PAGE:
The very last of God’s prophets to speak to the apostate northern kingdom of Israel, Hosea is sometimes called the “death-bed prophet of Israel.” As the ten idolatrous northern tribes neared their rendezvous with Divine punishment at the hands of king Sennacherib and his Assyrian Empire, Hosea warned of the destruction coming upon them because of their faithlessness. His message was vividly illustrated by the behavior of his own wife – Gomer was as shamelessly unfaithful to him as Israel had been toward God. Hosea’s message of suffering and punishment emphasizes that God’s love for His people is an exclusive relationship. Just as there should have been no one other than Hosea in Gomer’s affection, Israel should have loved no god other than the Lord.
The names of Gomer’s three children (Hosea 1:3-9) are significant because the meanings of these names – Jezreel, Loruhamah, and Loammi – describe how Israel had progressed away from fellowship with her God. First, God promises punishment for their sinfulness (vs. 4); next, He warns them that He will show no mercy in executing His judgement against them. This is a sharp contrast to their kinspeople in Judah (vv. 6-7). Finally, He disowns/divorces them entirely because of their persistent wickedness (vs. 9). Even in this harsh judgement, however, the Holy Spirit inspired Hosea to hold out the hope of restoration along with Judah, through the Christ (vv. 10-11).
As God uses the agony of Hosea’s betrayal by Gomer to illustrate how Israel had betrayed Him (ch.2), He also points toward their only hope (vv. 14-15) – the symbolism of the Valley of Achor. This is a reference to Joshua 7, and the sin of Achan (theft) at the conquest of Jericho. In “cleansing” the nation of Achan’s wicked influence, Joshua and the people had restored their relationship with God. Here, Hosea is emphasizing to Israel that the key to restoring their relationship with God is for them also to “get sin out of the camp!” There’s no way we can expect to enjoy Heaven’s blessings, and a healthy relationship with God, so long as we tolerate or encourage sin among His people.
The terrible sentence of Hosea 4:6 should serve as a permanent indictment of every lazy bible student in all time; “My people are destroyed for lack of knowledge.” Ignorance of God and His will is THE fastest, most certain method of committing spiritual “suicide” – and most people in our world are doing precisely that! Instead of focusing only on the memorable opening words of this verse, however, Christians ought to carefully and soberly meditate about the consequences that Hosea goes on to say will result from such ignorance! As a parallel to Jesus’ words in Matthew 7:23, it should stop every one of us “dead in our tracks” to think that God might say to any of us, “I reject you… I will also forget your children.”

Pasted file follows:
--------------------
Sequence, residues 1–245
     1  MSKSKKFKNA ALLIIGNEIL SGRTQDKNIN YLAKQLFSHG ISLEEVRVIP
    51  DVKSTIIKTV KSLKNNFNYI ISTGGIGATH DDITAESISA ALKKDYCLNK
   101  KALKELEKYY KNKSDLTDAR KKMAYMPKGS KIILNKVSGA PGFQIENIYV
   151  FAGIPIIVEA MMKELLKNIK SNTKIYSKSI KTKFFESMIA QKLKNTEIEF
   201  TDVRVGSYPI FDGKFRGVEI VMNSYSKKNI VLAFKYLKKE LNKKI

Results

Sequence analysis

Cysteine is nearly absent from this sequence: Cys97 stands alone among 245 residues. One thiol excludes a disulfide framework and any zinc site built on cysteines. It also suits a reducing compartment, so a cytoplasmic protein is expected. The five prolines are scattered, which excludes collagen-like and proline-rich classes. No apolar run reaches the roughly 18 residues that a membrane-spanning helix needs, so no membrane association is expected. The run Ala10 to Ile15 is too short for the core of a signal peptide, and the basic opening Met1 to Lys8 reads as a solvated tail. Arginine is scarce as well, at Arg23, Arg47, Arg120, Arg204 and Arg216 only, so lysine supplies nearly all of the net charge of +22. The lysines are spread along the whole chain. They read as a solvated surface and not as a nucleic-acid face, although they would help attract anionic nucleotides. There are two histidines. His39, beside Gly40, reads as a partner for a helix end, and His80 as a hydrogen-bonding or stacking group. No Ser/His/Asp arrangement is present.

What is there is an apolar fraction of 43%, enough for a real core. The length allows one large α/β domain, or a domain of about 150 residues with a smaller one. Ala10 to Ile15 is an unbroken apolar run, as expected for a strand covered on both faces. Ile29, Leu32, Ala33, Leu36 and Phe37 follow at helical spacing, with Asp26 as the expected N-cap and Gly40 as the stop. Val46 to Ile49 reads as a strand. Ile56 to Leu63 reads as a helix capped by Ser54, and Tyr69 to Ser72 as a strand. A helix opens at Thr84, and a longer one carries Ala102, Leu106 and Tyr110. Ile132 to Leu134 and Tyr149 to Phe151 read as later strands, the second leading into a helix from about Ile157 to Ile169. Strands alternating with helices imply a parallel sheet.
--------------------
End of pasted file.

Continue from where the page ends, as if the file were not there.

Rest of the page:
Chapter 4:4-6 provides a sharp commentary on the kind of “commitment” too many Christians are comfortable offering to God; “Ephraim’s” love for God is said to be like morning dew, which quickly evaporates in the sunshine (“Ephraim” is national Israel). Verse 6 makes the point that what God wants from His people is consistency, steadfast commitment and familiarity with His will (knowledge), rather than spasmodic religious “gestures” (offerings) that quickly fade from memory.
Hosea 10:12 makes the plain and sharp point that having a good relationship with God, and enjoying His blessings is only one half of a two-way street. We must plant righteousness in order to harvest His love, and we cannot simply “coast” through this life if we want Him to bless us. We must take the initiative to turn the unproductive parts of our lives into useful “fields” in which He can plant righteousness (i.e., break up our own “fallow” ground).
One final thought to glean from Hosea’s message echoes deafeningly in chapter 13:4– “I am the Lord your God… and besides me there is no savior” (emphasis mine, DR).